- Leverage digital transformation: Procurement professionals that are investing in digital systems, such as ERP systems and procurement software, should leverage artificial intelligence solutions and set up a system to receive alerts when an extreme weather event is imminent. Buyers should set up alerts in the locations of suppliers, key ports and warehouses to mitigate unexpected disruptions caused by weather. Finally, procurement professionals should consider increasing inventories to account for just-in-case flexibility and build out action plans in the event of extreme weather.
5. Rising commodity prices will create more headaches
- Volatility is the only certainty: The reopening of the global economy has sent demand and prices for key commodities soaring, including oil, lumber, liquified natural gas (LNG), iron ore, copper, aluminum, grain, palm oil and other agricultural products. Even though some commodity prices have fallen from recent highs during the pandemic, investors and buyers see significant opportunity for more growth in commodity prices. For instance, cash-flush consumers, the impending trillion-dollar domestic infrastructure plan and China’s significant post-pandemic spending are expected to drive key commodity prices higher.
- Keep your eye on the supply: Buyers should keep a close eye on the global supply of commodities as the most significant indicator of price trajectory. For instance, China released reserves of copper, zinc and aluminum in June to help drive down prices from historic levels. Moreover, domestic steel output reached 1.86 million net tons the week ending July 17, 2021. This level of output highlights an increase of 37.7% year over year and indicates steel prices may slip in the coming weeks as more supply comes online. Therefore, category managers need to keep their finger on the pulse of commodity demand and supplies in order to stay ahead of rapid price changes and enter contract negotiations armed with the information to negotiate the best contract terms possible.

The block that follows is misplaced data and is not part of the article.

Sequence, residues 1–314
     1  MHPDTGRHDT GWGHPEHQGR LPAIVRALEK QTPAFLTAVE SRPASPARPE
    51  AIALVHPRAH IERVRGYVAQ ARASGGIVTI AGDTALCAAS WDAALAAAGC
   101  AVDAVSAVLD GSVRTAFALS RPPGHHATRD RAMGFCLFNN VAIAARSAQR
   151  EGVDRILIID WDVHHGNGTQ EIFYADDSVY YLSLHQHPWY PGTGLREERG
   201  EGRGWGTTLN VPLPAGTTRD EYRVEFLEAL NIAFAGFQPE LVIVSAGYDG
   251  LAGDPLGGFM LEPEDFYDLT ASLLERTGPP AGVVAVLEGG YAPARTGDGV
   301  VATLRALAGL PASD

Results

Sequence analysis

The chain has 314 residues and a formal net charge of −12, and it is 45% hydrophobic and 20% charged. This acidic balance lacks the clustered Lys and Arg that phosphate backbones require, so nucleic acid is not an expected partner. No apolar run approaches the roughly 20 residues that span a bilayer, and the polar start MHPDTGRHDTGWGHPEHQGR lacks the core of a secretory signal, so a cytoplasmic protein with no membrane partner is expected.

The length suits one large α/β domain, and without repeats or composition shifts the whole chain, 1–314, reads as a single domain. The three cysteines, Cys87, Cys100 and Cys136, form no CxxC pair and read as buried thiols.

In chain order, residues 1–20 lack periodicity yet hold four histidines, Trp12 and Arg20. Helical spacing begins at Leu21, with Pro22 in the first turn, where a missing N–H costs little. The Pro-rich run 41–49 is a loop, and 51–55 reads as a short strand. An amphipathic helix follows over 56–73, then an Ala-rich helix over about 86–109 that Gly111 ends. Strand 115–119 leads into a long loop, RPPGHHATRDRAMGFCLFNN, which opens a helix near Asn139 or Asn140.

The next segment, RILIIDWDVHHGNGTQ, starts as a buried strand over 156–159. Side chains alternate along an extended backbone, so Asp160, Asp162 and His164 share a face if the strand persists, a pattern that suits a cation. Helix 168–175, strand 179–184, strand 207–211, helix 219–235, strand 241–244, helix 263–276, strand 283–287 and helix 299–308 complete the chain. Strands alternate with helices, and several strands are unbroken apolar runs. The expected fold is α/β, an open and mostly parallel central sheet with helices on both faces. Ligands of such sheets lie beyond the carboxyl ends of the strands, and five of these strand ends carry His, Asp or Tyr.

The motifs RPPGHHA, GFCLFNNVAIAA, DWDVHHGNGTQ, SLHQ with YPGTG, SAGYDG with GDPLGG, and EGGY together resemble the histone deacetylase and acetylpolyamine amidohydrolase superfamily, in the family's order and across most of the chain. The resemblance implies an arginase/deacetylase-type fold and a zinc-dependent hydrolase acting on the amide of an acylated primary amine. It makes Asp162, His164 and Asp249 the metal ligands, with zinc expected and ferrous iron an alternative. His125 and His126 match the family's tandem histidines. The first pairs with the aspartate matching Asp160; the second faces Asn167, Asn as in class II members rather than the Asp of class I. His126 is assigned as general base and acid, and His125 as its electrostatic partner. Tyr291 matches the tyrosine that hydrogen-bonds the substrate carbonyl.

Contract Best Practices: What can buyers do to protect themselves?
- Negotiate renewal caps – Buyers should negotiate renewal caps (i.e., price ceilings for renewal rate increases) in their contracts to increase protection against significant price escalations. Although some suppliers will try to justify contract renewal price increases by pointing to growth in the CPI, buyers should always negotiate renewal increases. For example, buyers should suggest and leverage a reduction in the quantity of goods or services being procured when a supplier raises prices on par with the CPI. Some suppliers will honor the renewal cap only on the products the buyer orders at the time of the renewal if the buyer agrees to not reduce the quantity of goods or services being procured. Buyers should also specify the desired contract terms, including end of term rights, renewal increases, price gaps, length of time and grace periods.
- Negotiate price hold clauses – Buyers that are unsure about their demand in the immediate outlook should negotiate price hold clauses into their contract. Price holds honor a negotiated discount for a specified amount of product and period of time and help buyers protect themselves against future price increases. Buyers should specify the desired contract terms, including future add-on protections, minimum purchase requirements, validity periods and products covered.
- Implement KPIs and SLAs – Buyers should enhance their visibility into supplier performance to increase negotiation leverage. Buyers should include key performance indicators (KPIs) and service level agreements (SLAs) in the RFP and the final contract. Buyers should consider including the following metrics to track performance: quantity ordered versus quantity received, advanced shipping notice (ASN) accuracy rates, rate of on-time deliveries, compliance rates (i.e., ratio of disputes to total invoices) and the defect rate (i.e., faults per unit or defects per million.)
By: Riley Mallon